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Interest rates hold firm for now – what it means for your savings, mortgages, and annuities

Two years on from the UK's first rate rise, we look at what's next for interest rates and what it will mean for the economy, annuities, your savings and mortgages.

Important information - This article isn’t personal advice. If you’re not sure whether an investment is right for you please seek advice. If you choose to invest the value of your investment will rise and fall, so you could get back less than you put in.

Two years ago, the era of cheap money ended as the Bank of England (BoE) raised the base interest rate from 0.1% to 0.25%. The first in a painful series of hikes to try and drive down demand, and prices. The BoE announced today that the current rate of 5.25% would hold for now.

Inflation has been a hard nut to crack. It's been fuelled by the pent-up frenzy for goods and services after the pandemic, squeezed supply chains, and the shock of the Ukraine war. The BoE's tools for cutting down rampant inflation are blunt, so the financial pain has been unevenly inflicted.

Mortgage holders having to renew deals have cut spending. Landlords have felt the pressure, passing on costs to tenants already struggling with the rising costs of essentials.

Businesses who were used to low-cost loans have struggled and insolvencies shot up, especially after the surge in energy bills and wages. There were 2,315 official insolvencies in October, up around 64% compared to two years ago.

But thanks to piles of lockdown savings and with a third of homeowners mortgage free, lots of people have partly resisted rising costs. They've continued to spend and helped the economy escape a predicted recession.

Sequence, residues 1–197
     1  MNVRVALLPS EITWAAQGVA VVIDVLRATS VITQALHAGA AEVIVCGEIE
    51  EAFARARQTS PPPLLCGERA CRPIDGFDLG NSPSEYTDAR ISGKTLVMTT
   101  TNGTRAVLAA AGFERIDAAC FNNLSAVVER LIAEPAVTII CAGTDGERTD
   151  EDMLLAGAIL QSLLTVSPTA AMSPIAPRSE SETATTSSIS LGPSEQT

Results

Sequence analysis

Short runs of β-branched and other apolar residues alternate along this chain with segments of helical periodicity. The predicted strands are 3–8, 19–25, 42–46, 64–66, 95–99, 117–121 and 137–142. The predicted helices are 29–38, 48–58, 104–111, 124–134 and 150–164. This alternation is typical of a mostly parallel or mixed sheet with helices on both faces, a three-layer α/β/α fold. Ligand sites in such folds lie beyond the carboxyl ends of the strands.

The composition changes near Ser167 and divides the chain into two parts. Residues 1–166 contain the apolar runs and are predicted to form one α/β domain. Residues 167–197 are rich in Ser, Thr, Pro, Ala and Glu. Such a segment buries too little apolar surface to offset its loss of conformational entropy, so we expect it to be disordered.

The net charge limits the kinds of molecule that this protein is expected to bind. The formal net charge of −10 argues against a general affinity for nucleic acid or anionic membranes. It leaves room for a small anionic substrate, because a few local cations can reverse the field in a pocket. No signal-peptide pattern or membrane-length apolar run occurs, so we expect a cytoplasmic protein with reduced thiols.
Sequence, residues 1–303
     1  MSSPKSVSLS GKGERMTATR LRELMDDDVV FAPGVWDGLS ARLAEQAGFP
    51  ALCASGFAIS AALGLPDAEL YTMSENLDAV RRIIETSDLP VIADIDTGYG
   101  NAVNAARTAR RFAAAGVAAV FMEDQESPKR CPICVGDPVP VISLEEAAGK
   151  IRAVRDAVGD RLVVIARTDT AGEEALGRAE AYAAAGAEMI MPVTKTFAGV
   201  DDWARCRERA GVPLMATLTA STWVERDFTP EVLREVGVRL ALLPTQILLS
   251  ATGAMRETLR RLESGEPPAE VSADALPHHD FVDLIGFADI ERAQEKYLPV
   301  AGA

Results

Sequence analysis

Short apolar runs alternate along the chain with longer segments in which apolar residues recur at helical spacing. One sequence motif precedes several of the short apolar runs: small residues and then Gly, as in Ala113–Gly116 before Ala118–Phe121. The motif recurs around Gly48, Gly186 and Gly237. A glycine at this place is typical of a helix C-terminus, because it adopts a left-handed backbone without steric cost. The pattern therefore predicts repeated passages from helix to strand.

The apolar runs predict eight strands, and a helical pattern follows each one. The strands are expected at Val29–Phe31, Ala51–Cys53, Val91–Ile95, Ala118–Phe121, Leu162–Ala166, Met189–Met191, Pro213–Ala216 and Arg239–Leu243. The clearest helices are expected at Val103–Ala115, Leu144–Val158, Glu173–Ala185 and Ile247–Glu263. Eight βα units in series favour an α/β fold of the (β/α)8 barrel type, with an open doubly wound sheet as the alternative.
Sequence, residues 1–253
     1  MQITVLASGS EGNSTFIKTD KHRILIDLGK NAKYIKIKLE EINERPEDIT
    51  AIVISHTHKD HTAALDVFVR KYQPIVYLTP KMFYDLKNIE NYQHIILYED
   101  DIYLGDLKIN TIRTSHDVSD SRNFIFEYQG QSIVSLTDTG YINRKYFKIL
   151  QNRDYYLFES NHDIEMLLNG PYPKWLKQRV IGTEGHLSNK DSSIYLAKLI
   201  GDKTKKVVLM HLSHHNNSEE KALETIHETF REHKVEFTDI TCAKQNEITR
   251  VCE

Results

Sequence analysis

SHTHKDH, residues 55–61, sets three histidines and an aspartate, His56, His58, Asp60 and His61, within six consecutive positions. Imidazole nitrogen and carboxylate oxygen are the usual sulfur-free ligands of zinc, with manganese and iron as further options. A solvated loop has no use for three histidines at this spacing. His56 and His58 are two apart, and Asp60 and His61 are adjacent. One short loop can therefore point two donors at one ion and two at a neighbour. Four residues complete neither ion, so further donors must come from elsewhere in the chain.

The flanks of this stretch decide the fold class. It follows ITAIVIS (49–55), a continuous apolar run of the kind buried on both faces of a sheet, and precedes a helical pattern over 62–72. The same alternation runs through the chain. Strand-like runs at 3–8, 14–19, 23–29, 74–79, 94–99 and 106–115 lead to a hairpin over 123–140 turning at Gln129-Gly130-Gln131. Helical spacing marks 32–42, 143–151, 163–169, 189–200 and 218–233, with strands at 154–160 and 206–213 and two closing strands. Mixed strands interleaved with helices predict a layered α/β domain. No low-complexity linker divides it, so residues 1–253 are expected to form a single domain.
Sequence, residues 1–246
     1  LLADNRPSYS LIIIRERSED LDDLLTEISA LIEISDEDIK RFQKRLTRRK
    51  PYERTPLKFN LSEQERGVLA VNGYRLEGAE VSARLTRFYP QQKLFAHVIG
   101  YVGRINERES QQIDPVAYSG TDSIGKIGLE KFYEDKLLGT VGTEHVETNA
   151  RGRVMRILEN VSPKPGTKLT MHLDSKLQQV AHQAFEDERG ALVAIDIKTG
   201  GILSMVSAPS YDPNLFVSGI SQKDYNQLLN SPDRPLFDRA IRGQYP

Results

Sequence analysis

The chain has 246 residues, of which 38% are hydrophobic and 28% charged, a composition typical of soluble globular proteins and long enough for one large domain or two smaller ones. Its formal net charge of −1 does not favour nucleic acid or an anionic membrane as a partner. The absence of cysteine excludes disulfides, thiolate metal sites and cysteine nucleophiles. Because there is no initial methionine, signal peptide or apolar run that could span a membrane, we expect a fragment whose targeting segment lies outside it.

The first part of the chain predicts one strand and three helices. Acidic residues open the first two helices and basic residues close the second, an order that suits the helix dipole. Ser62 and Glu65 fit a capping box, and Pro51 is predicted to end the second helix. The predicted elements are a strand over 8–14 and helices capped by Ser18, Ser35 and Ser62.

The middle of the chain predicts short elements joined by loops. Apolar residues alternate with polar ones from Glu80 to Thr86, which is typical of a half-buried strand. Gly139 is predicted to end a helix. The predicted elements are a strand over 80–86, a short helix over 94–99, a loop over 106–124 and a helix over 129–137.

Even so, retail sales volumes have fallen back, even as we've been forced to spend. Instead, it's been bumping along in stagnation mode, and is set for meagre growth going forward.

The UK's still in a tight spot and without bolder action to super-charge investment and the supply of goods and services, growth prospects don't look good.

With long-term borrowing costs shooting up so much, the government considers its hands tied in terms of jump starting the economy by taking on extra lending from investors. 30-year gilt yields rose to record levels in a quarter of a century in October – a dramatic increase from 0.93% in December 2021 to 5.11%.

Although they've dipped a little since, they're still hovering around levels not seen since the financial crisis in 2008.

The UK's still in a tight spot and without bolder action to super-charge investment and the supply of goods and services, growth prospects don't look good. Though the UK stock market's risen since the first interest rate hike, appetite for UK shares has stayed subdued, partly because of the economic outlook.

It's been another rollercoaster for the pound though, which took a big hit after the Trussenomics of the mini-budget in September 2022, falling to $1.07. It's recovered as plans for unfunded tax cuts were dropped, but sterling is still down against the dollar, compared to two years ago.